i just have this persistent feeling of “i’m not doing enough” combined with “i don’t have the energy to do anything” and it just really fucking sucks


“Many people are busy trying to find better ways of doing things that should not have to be done at all. There is no progress in merely finding a better way to do a useless thing.”
Source: Ford News


Ever get the feeling you are doing a lot of ‘somethings’ and, yet, you look around and it sometimes looks like nothing? I tend to believe a lot of people feel some version of this. I have a stack of unanswered emails to people I really would like to respond to and, yet, I always have something to do. I rarely have an open minute, by my choice and I like it that way, but some of those minutes mean not doing something else. And therein lies ‘nothing.’ Nothing IS something. It resides in the choices left behind. I am doing nothing with all these emails and people who I genuinely like and conversations I genuinely would like to have and, yet, I have done nothing with them. They are something and what I have done is something and have created nothing in doing so. This may sound convoluted and slightly absurd, and it should.

It is indicative of the slightly warped pretzel logic we place to justify our productivity madness.

It is indicative of something generally happening in work.

Work never stops, we never stop, other people never stop, there are no stop signs, and yet with all this ‘not stopping’ productivity and productive performance has, well, stopped. Okay. Not stopped, but certainly hasn’t matched the amount of non-stoppedness it appears business is doing. I imagine I could say a bunch of things here but I would suggest the nonstop world costs us some creativity and absolutely costs us some critical thinking.

We are paddling so hard we can’t see where we are going or if we are even making any meaningful progress. It’s not like people aren’t trying to give is more advice on how to actually be productive because if you go to Amazon there are something like 100,000 books telling us how we can achieve more. If you don’t want to read, just pick one of the 1000’s of apps you can download onto your already nonstop 24/7 smartphone internet feed. The ‘hustle culture’ (and economy) is more a hamster wheel than hustle. While any ideal business progress trip should be one in which you reach some far-reaching destination, in today’s world it is just a circular treadmill encased in a cage.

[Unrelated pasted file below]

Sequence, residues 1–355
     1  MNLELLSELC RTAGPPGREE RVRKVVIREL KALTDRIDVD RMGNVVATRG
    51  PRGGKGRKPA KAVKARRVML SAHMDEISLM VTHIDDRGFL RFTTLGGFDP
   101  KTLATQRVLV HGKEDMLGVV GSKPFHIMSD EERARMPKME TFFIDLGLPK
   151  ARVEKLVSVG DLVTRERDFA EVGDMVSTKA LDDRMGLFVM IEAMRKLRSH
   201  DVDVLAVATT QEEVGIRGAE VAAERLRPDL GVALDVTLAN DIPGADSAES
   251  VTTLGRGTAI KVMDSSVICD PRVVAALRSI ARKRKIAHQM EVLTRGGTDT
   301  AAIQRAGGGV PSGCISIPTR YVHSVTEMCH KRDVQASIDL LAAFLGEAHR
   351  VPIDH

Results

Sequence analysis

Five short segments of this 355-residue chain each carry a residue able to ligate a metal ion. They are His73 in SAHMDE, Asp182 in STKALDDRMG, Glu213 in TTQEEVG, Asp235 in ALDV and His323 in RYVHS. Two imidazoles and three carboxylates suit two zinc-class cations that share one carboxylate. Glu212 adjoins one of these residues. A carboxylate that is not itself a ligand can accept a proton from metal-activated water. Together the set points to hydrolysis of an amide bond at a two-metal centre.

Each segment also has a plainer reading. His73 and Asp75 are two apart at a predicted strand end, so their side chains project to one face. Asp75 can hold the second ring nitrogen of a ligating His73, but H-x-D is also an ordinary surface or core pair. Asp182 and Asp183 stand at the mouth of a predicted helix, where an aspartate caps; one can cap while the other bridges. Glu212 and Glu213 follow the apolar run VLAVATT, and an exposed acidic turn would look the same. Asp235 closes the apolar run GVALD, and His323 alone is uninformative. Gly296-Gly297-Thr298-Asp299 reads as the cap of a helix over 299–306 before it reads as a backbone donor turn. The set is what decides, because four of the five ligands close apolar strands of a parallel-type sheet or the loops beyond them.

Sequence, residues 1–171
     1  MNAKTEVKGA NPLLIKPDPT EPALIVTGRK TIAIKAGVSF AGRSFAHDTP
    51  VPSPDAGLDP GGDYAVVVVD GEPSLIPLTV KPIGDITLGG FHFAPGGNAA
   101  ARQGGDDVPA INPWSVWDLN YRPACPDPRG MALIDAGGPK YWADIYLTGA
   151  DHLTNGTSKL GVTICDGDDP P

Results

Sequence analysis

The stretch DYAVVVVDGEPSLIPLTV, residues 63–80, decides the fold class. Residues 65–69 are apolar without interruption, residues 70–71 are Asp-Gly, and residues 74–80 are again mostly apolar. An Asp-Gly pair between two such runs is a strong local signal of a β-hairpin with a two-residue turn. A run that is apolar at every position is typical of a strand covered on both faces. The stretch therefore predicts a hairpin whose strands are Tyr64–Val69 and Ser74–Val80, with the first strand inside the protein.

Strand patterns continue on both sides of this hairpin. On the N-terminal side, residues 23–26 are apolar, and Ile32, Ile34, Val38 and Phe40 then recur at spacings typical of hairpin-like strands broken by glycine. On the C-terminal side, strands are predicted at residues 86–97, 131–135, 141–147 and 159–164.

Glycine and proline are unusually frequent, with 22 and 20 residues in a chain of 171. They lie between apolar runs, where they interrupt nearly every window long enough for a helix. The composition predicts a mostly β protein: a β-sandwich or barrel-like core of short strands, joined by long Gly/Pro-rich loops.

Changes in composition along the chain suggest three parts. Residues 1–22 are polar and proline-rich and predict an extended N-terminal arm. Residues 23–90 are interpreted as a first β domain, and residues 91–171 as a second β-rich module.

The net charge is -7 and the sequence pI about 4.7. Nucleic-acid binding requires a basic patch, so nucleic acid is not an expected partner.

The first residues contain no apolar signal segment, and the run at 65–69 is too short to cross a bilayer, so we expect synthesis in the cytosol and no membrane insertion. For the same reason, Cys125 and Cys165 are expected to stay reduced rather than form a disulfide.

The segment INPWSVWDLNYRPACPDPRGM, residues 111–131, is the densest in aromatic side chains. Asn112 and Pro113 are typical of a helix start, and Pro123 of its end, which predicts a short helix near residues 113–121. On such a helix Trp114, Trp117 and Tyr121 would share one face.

This worship of productivity comes at the expense of everything else. It’s kind of like purposefully implementing mediocrity. Now. Within the productivity ideology they can’t see the mediocrity because their scale is biased – they don’t see the sacrifice; they see the achievements. They don’t see lost outcome possibilities; they see pragmatic outcome gains. This self-defeating behavior means a bunch of people are doing a lot of somethings all the while doing some nothings. There is no ebb and flow of imagination or creativity, it is all directed toward the God of Productivity. This God wields metrics of productivity to measure output and achievements, but also, we as human beings.


I don’t really need to share some research to be able to say, generally speaking, most workers are overworked <this can be time driven or task drive> which, generally speaking, lessens job performance, hence, productivity. I would be remiss if I didn’t point out that technology adds on an additional burden to individual productivity stress – we also now compete against automation, AI and algorithms. We fight against the system and technology – in other words “the black box against us.”

Which leads me to the battle between more and zero sum.


Growth, scale, expansion, higher, all are synonyms for “more.” Business is obsessed with more. If you did something yesterday, tomorrow can only be better if there is more than yesterday. It’s absurd and unhealthy. Let me use the business buzzword of the day, Transformation, to point out even that is never really about becoming better; it is always about producing “more faster” (better is a pleasant addition if it happens). ‘More’ simply begets an obsession with continuous output and THAT obsession arcs toward the worst of Taylorism in which Lillian Gilbreth-ism trumps Follett-ism.

The models of work are rewarded if they generate more regardless of whether it is true progress or not.

The models of work get rewarded if they generate more regardless of whether it is meaningful or not (because meaningful means ‘meet outcome objective.’

The models of work get rewarded if they generate more if they can simply be well oiled, or fine-tuned with more oil, thereby supporting the concept of human machinery.